So with the Kingston, it took a full 8 seconds less to fully boot.  Only 1 second less to get into Windows but 7 seconds less to boot to a fully usable desktop where everything is loaded, that’s a pretty nice increase I would say.

This software gives you a rating on your time, so I need to work on mine a bit and even has contests based on your bootime, maybe one day I will enter it, who knows.

So all this talk about the drive, do you know how to install an SSD?  If you don’t, don’t worry, check out this video on how to install the SSD.

This video shows you how to install the SSD, the physical SSD but do you want to install Windows on this hard drive or do you want to use it as a backup drive?  Well I have both covered.  I will show you how to install Windows on this drive in this video.

If you don’t want to use it to install Windows on and you want it as a backup drive or a drive to load games and programs off of, I will show you real quick how to install this drive within an already working Windows environment.

So, in windows when you click Start, you will get this screen


You can right click on “This PC” and click Manage.  Microsoft’s Plug and Pray technology has gotten much better over the years so now when you plug in a drive and go to “Manage” and you will be greeted with a message to “Initialize Disk”, click OK on this prompt.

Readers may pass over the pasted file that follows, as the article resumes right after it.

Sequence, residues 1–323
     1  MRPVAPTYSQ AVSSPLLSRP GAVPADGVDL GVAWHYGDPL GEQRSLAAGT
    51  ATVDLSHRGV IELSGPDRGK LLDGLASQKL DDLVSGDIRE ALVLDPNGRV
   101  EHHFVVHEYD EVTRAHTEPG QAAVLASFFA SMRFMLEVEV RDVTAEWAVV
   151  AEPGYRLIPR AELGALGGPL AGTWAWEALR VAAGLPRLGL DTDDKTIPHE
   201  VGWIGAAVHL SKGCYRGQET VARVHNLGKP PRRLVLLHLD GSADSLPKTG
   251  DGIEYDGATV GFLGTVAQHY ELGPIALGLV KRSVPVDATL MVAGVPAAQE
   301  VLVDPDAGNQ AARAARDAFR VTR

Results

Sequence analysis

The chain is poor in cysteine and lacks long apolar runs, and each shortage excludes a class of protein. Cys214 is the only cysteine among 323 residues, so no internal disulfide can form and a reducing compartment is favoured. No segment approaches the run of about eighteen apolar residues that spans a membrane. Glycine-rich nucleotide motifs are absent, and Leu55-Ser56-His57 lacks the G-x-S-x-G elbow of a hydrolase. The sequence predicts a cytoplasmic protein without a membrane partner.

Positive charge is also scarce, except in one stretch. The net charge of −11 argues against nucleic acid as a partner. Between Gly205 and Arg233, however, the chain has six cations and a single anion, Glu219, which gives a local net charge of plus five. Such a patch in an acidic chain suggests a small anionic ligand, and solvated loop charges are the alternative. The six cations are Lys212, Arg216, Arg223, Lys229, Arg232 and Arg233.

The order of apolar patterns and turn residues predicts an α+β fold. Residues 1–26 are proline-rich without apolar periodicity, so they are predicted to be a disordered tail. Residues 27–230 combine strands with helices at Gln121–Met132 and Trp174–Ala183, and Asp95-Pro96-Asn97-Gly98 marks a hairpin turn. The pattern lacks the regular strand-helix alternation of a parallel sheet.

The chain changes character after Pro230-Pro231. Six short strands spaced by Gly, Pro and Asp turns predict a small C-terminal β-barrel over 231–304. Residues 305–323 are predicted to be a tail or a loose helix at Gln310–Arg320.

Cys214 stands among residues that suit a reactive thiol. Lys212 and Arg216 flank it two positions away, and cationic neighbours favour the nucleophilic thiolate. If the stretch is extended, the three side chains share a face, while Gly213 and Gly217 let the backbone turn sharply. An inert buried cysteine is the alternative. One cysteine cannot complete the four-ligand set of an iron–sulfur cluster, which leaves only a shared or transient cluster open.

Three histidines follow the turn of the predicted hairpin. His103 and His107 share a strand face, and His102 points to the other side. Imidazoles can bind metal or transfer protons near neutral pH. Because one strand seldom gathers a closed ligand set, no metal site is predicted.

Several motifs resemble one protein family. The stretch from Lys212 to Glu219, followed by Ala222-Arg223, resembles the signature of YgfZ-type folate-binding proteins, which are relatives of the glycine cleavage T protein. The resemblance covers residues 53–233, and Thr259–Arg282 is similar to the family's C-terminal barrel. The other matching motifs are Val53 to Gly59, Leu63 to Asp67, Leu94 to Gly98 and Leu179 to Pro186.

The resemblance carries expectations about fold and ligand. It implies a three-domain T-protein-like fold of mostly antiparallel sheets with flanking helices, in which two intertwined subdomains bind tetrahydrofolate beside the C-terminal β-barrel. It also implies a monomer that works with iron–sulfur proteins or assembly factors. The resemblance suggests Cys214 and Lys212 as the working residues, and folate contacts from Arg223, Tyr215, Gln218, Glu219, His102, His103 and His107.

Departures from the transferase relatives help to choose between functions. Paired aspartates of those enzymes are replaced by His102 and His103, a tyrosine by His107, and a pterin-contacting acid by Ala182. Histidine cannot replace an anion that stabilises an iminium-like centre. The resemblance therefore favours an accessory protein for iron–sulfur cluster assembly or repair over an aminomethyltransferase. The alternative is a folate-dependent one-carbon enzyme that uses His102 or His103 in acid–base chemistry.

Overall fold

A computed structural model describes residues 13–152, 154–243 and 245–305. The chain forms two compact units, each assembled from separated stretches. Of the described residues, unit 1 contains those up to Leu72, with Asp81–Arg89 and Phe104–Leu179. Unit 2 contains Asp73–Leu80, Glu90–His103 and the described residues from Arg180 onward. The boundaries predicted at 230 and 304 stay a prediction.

When you click Ok, the dialog box will disappear and you have to find your drive.  If you scroll down on the list of disks in the lower portion, you will find a disk that reads “Unallocated”.  Right click on this “Unallocated” disk and select “New Simple Volume” and the “New Simple Volume Wizard” will appear.  Click Next to start this process.


On this prompt, you will only change the “Simple volume size in MB” unless you want to partition this drive, but I will not for this so click “Next”


On here, you will select you drive letter


And here you will name your “Volume label”, “File System” type and “Allocation Unit Size”.  I want to use this all as default, but one thing you want to make sure you place a check in is “Perform a quick format” and click “Next”, if you don’t it will still format but it will mean the difference between a few seconds and about an hour, so make sure “Perform a quick format” has a check in it and click “Next”.


And finally click “Finish”


And you’re done, your drive will be formatting and once done an empty folder will appear, but I will skip the empty folder and show you the drive formatting.


I would have to give this drive a 4 out 5 for performance and cost.  This drive provides great performance and costs less than most drives out there in the capacities but a bit higher than some of the others.  The performance is better than most of the lower cost drives and offers a 3 year warranty, though the 3 year warranty seems to be a standard.  It might have gotten a bit higher if it has encryption as it is important to some.

That’s about it guys, I tried to give you as much information as possible on this drive, how to use it, how to install it and what it’s about.  Please let me know what you guys think and if there is something you would have preferred I did in this review and of course if you have any questions, please let me know.

We are influencers and brand affiliates.  This post contains affiliate links, most which go to Amazon and are Geo-Affiliate links to nearest Amazon store.